Pagano is working on another project with KAUST — “Brains for brine” — that seeks to address the problem of excess salination of sea water resulting from the desalination processes widely used in the Kingdom.
But building what will eventually be 8,000 hotel rooms, an airport, a small town for the 10,000 workers on the project, on the coast of one of the busiest maritime navigation channels in the world, presents its own environmental challenges.
He was speaking the week after an Iranian tanker had leaked oil into the Red Sea, but said that commercial sea lanes were far away from the project, and big vessels could not enter the shallow lagoon system anyway.
On-site construction will be kept to a minimum by the use of prefabricated units built elsewhere in the Kingdom and then shipped to the Red Sea for assembly and installation on the islands. He will have to have 3,000 hotel keys by 2022, when phase one of the project is complete and ready to welcome the first of 300,000 annual visitors.
The technology is available, but nobody has ever done it on this scale.
Those guests are estimated to come roughly 50 percent from Saudi Arabia and other Gulf countries, and 50 percent from the rest of the world, with a big proportion from Europe and the experience-seeking markets of Asia.
A big draw of the Red Sea region is that all-year temperatures and humidity are lower than other parts of the region, notably the Arabian Gulf. “It’s much more like a southern European climate,” he said, allowing for year-round business.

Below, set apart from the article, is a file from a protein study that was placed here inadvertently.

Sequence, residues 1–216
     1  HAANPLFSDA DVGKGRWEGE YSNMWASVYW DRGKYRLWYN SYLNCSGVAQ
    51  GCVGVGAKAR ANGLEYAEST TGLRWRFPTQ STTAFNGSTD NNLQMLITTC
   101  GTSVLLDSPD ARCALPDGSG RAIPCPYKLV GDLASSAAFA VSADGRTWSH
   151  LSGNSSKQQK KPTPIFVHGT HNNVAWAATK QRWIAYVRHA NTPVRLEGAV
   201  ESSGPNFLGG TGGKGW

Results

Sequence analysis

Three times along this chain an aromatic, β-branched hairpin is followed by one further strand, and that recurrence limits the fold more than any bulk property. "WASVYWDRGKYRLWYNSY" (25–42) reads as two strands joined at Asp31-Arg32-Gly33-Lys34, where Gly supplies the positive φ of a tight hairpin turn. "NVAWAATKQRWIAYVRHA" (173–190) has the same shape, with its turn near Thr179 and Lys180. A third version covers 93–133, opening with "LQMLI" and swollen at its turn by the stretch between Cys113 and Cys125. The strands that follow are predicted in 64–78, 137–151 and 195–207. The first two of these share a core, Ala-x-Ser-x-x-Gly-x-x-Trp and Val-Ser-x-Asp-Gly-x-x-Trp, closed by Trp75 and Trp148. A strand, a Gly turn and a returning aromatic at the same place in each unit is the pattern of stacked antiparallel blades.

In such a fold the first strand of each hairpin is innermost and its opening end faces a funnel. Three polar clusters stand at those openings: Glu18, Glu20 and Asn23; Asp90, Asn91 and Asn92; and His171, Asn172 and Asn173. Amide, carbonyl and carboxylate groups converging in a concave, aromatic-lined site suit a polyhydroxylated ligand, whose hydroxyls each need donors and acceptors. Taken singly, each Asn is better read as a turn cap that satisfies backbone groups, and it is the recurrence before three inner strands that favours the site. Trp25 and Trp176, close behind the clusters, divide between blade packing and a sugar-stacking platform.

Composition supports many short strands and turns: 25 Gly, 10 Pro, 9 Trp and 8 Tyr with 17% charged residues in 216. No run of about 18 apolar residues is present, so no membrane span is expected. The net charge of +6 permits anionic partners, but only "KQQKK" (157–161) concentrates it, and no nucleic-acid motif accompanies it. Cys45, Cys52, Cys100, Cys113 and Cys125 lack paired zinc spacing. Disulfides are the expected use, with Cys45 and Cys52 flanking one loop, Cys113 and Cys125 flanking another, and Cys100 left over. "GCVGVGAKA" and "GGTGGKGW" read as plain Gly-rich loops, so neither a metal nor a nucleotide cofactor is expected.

Pagano promises visitors “a constellation of experiences,” but what kind of resort will they arrive at? “We had plans for a special visa-on-arrival procedure just for us, but of course we don’t need that now that there is a Kingdom-wide tourist visa,” he said.
When the tourists get there, the resort will feel different from the rest of Saudi Arabia. It will be treated as other “special economic zones” in the Kingdom, with more relaxed social norms and an environment attractive to international visitors, he said.
“There are currently no plans to serve alcohol, but that is not our call, it’s a broader issue. But even without alcohol, there are a potential 1.5 billion tourists in the world Muslim demographic,” he said.
A transformational project of such ambition obviously does not come cheap, and Pagano admits to “many billions of dollars” in total construction and development costs. So far, the bills have been met by the Public Investment Fund, which has committed all the equity capital.
But Pagano is now in the market for “conventional senior debt” in a package that could reach SR10 billion ($2.6 billion). With the big infrastructure project — bridges, roads, a new airport — currently under way and contracts being announced at increasing pace — a fresh batch are promised during the Future Investment Initiative in Riyadh later this month — those funds are needed, he said, and could be in place early next year.
“Plus, we are talking to a lot of investors and looking at the possibility of getting them into the project,” he said. French hotel group Accor is already involved, and he expects most of the leading global hospitality brands to play some part in it too. Contracts to build and operate the utilities on the development are currently out to tender to a number of consortia.
It is all part of the transformation under way in the Kingdom that appears to be unstoppable. By 2030, Saudi Arabia is aiming to attract 100 million visitors a year, with the elite heading to the Red Sea area to sample the “amazing piece of land” that Pagano is developing.
“It’s ambitious, but feasible. It’s starting from a low base and the vision is unprecedented,” he said.